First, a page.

The arc of Tim Burton's career is more roller-coaster than sky rocket, which is to say that his films seem to veer from masterly to dreadful, depending on his mood. The ups include the remarkable "Edward Scissorhands," the brilliantly witty first "Batman," and the bold though sputtering "Beetlejuice." The downs include the second "Batman" and "Mars Attacks," whose only redeeming feature was the Martians. But no one doubts his ability to find blackness in fantasy, and wit in the darkness of horror. His new film "Sleepy Hollow" seems to mark an upswing, providing us with almost two hours of delicious, squirming fear and panic.
Young Ichabod Crane (Johnny Depp), a New York City police constable in the year 1799 -- for some inexplicable reason he announces at the beginning of the film that "The millenium is almost upon us" -- is exiled by his bosses for his insistence on using forensic tools in his detective work, to go upstate to the village of Sleepy Hollow, where a headless horseman has apparently been beheading the townspeople. So up he goes, by carriage along the Hudson, which Burton has rescaled to a hundred yards' width, to meet the villagers, solve the murders, and destroy the myth of such a horseman. As we say, little does he know.
At first it seems as though a cabal of town elders is behind things, but there is more, much more, to be learned. And part of Burton's delicious wit here is that Ichabod is himself a frightened, panicked creature who is as likely to faint from fear as he is to show the expected heroism. The film's ads say heads will roll; and they do, with greater and greater frequency. Poor Ichabod; it could get out of hand.
But Burton keeps things under control, and except for some heavy going at about the 1-hour mark the film moves us smoothly along. Rather than look for a Catskill mountain location, Burton built his Sleepy Hollow village outside London, and judging from appearances the sun has not shone on the village since the middle ages. He is a master at setting and lighting for specific moods, and in this film mood is everything. Burton and his cinematographer Emmanuel Lubezki know how to use black as a color; it is the defining color in this film, a bold and impeccable choice.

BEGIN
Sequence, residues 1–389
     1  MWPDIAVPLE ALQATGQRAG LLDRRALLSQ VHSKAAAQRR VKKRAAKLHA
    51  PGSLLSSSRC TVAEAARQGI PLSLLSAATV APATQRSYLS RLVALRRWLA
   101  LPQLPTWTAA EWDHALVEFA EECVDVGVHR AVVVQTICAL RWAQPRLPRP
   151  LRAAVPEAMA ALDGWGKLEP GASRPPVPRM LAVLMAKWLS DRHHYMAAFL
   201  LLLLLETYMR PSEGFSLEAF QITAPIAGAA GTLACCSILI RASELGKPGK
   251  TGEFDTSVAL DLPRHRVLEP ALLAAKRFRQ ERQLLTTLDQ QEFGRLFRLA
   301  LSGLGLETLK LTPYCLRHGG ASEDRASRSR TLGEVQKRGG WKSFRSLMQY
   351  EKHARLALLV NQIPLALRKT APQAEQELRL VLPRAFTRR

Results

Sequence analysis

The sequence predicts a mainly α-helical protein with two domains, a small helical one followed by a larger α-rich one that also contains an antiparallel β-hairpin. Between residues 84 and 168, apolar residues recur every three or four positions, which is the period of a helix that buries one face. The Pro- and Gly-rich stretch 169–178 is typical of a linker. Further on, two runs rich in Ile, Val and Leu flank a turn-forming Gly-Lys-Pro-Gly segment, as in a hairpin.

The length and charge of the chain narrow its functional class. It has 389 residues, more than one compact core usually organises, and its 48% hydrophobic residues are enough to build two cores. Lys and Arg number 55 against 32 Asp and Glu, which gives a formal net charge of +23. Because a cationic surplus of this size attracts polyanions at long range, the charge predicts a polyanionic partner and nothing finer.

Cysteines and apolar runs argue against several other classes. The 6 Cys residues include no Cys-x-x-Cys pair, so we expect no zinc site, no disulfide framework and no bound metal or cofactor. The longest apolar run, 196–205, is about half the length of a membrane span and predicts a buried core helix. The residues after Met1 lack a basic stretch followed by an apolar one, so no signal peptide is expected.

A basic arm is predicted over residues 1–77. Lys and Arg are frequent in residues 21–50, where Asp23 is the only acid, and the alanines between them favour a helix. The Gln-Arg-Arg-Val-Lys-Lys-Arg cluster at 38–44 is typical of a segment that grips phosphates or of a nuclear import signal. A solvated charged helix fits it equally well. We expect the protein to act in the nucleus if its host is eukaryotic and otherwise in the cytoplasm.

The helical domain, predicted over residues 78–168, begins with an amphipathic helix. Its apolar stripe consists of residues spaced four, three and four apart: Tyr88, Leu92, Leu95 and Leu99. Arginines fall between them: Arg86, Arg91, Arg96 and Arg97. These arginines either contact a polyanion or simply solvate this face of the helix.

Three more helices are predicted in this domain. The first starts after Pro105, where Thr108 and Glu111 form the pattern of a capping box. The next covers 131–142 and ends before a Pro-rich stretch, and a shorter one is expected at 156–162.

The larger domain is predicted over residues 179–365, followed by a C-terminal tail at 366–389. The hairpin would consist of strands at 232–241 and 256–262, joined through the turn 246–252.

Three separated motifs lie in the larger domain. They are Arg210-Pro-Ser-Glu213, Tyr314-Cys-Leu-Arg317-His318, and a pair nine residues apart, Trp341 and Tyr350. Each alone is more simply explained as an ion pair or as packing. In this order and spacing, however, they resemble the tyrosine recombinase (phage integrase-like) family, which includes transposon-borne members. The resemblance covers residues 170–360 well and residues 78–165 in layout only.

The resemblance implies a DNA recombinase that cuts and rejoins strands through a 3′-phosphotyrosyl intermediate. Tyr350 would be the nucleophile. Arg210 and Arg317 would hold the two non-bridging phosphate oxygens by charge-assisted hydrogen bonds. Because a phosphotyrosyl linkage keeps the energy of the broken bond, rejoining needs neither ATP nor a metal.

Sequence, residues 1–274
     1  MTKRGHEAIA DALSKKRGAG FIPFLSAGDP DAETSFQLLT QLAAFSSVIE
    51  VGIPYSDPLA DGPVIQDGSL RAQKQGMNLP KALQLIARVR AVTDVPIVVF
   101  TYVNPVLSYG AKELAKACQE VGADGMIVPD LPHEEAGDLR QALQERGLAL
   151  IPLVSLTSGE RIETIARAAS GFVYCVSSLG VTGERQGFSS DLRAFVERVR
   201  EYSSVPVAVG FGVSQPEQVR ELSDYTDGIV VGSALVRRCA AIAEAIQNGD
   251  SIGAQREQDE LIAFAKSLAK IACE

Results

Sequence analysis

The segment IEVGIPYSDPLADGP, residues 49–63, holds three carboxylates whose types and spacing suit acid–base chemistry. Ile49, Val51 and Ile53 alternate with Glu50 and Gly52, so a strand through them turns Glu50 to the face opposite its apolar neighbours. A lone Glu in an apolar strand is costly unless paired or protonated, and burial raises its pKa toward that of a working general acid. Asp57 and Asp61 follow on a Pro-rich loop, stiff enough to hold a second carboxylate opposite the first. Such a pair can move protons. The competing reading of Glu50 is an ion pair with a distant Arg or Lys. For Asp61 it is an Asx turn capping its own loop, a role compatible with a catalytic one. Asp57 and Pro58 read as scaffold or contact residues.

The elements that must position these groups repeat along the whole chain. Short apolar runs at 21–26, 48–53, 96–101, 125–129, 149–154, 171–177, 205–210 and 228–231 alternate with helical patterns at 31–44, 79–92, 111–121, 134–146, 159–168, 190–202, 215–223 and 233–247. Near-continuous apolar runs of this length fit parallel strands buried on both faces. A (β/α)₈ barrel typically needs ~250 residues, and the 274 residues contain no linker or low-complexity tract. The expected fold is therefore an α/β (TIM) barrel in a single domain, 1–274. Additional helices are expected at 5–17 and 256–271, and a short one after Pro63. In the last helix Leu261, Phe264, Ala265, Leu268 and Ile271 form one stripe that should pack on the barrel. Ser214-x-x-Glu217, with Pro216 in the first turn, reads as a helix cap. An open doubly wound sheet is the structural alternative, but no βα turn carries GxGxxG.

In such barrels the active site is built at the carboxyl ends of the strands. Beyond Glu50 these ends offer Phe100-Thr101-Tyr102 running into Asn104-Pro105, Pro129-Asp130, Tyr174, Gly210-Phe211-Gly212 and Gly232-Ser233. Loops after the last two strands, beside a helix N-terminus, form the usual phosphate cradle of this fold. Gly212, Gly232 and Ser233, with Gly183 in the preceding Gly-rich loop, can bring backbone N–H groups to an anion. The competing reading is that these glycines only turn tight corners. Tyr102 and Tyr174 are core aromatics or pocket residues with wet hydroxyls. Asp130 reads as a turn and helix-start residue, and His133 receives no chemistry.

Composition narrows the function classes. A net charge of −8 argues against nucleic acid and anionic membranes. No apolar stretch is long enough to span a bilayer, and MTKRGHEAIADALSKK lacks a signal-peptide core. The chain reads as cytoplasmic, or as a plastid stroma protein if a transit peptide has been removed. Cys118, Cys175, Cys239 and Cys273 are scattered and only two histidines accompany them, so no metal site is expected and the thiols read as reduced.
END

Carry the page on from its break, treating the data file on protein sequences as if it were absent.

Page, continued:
Johnny Depp continues to amaze us with his range. As an actor he is unafraid of anything, and here he carries off an unexpectedly complex character with great aplomb and no self-consciousness. The body of his work is broader than that of any of his contemporaries, and he carries it all off without breaking a sweat. In addition to Depp, the usual suspects are around, including everyone from Christopher Lee to Christopher Walken to Jeffrey Jones to Ian McDiarmid to Michael Gambon. Christina Ricci takes a Valley Girl approach to her role as the daughter of the village's first family, with comforting lines to Ichabod like "Tell me what you dwempt."
The script is by Andrew Kevin Walker, who made one head roll in "Seven," and here he apparently had uncredited help from script-doctor du jour Tom Stoppard. The music is by Danny Elfman, and it swells to super-Dolby strength at every possible terror, and the production design -- certain to be nominated for an Oscar -- is by Rick Heinrichs. When Burton's work is summed up, what is most worthwhile about it is his insistence on following his own vision, win or lose. In this case he has won boldly and well.